Weeks, after it completed the construction of its Tiangong space station, the Chinese space agency, is set to launch three taikonauts into space. The Shenzhou-15 mission will be launched onboard the Long March -2F carrier rocket, which was recently brought into open view.
While the rocket has been moved to the launch area, the Chinese Manned Space Agency (CMSA) has remained tight-lipped on the launch date. CGTN reported that following the arrival of the Shenzhou-15 mission on the launch pad, the facilities and equipment at the launch site are in good condition.
The Chinese space agency is now engaged in various pre-launch function checks and joint tests that need to be carried out before Chinese astronauts set foot onboard for a six-month-long mission in the zero-gravity laboratory. The three taikonauts will replace the other three living on the Tiangong.
There will be a brief period during which the space station will house all six taikonauts. “The handover works will last about five to ten days. After that, the Shenzhou-14 crew will come home aboard the Shenzhou-14 spacecraft,” Gao Xu, chief designer of the manned spacecraft general system at China Academy of Space Technology (CAST), was quoted as saying by CGTN.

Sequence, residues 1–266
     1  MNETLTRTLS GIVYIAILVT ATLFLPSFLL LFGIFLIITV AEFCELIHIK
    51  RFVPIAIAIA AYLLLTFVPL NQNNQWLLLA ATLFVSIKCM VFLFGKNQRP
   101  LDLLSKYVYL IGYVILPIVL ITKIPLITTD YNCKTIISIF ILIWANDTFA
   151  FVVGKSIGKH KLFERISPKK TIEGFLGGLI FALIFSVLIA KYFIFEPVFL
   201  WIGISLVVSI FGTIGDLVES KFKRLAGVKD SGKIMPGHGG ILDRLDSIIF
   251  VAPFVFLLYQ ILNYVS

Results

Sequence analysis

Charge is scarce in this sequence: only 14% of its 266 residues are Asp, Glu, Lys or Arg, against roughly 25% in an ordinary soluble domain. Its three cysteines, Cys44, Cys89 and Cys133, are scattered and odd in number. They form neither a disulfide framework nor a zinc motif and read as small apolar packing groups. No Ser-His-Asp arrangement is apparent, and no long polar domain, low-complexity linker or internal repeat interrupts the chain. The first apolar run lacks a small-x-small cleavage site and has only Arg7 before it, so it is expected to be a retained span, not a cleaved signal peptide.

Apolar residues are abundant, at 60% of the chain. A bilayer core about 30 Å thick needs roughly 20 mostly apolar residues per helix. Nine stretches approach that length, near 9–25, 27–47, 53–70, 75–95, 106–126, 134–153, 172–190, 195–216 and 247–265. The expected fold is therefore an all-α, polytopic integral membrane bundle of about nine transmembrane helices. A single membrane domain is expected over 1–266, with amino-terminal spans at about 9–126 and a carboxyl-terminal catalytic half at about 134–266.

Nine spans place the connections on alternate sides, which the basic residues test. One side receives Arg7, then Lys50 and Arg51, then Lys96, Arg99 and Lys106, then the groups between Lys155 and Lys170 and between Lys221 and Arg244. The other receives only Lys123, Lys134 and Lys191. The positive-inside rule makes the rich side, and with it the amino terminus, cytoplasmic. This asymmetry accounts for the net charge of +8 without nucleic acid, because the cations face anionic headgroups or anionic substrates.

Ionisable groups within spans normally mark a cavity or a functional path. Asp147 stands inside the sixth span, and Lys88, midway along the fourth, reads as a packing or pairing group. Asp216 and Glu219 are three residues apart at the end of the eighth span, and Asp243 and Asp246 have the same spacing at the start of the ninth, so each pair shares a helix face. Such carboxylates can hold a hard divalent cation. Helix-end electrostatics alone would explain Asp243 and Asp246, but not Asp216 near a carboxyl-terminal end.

Meanwhile, Xiao Xuedi, the managing designer of the spacecraft said, “We need to identify each of the ships during signal transmission. We have done thorough simulations to get ready for the new mission.”
The Shenzhou 14 crew was launched to Tiangong earlier this year, where they oversaw the addition of two laboratory modules to join the main Tianhe living space. Commander Chen Dong and fellow astronauts Liu Yang and Cai Xuzhe assembled the three-module structure joining the existing Tianhe with Wentian and Mengtian modules.
China’s space program launched its first astronaut into orbit in 2003, making it only the third country to do so on its own after the former Soviet Union and the U.S. China’s space program is run by the ruling Communist Party’s military wing, the People’s Liberation Army, prompting the US to exclude it from the International Space Station.
Beijing has landed robot rovers on the moon and placed one on Mars last year. China has also returned lunar samples and officials have discussed a possible crewed mission to the moon.